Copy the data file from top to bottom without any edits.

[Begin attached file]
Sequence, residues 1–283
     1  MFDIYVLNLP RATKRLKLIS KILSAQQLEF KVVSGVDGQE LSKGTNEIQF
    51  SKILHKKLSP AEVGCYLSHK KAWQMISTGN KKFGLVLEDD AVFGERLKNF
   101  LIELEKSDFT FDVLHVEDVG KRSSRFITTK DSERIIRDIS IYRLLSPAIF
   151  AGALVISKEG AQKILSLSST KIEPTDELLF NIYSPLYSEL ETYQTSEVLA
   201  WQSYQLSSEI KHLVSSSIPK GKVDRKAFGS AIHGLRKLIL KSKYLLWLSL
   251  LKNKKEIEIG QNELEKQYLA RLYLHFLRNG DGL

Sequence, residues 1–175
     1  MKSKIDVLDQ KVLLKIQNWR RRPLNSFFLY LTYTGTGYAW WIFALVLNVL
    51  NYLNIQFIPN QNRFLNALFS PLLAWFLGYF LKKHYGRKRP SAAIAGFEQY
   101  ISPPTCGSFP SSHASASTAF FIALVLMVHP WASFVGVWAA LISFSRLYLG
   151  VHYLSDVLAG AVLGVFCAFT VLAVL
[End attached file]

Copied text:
Sequence, residues 1–283
     1  MFDIYVLNLP RATKRLKLIS KILSAQQLEF KVVSGVDGQE LSKGTNEIQF
    51  SKILHKKLSP AEVGCYLSHK KAWQMISTGN KKFGLVLEDD AVFGERLKNF
   101  LIELEKSDFT FDVLHVEDVG KRSSRFITTK DSERIIRDIS IYRLLSPAIF
   151  AGALVISKEG AQKILSLSST KIEPTDELLF NIYSPLYSEL ETYQTSEVLA
   201  WQSYQLSSEI KHLVSSSIPK GKVDRKAFGS AIHGLRKLIL KSKYLLWLSL
   251  LKNKKEIEIG QNELEKQYLA RLYLHFLRNG DGL

Sequence, residues 1–175
     1  MKSKIDVLDQ KVLLKIQNWR RRPLNSFFLY LTYTGTGYAW WIFALVLNVL
    51  NYLNIQFIPN QNRFLNALFS PLLAWFLGYF LKKHYGRKRP SAAIAGFEQY
   101  ISPPTCGSFP SSHASASTAF FIALVLMVHP WASFVGVWAA LISFSRLYLG
   151  VHYLSDVLAG AVLGVFCAFT VLAVL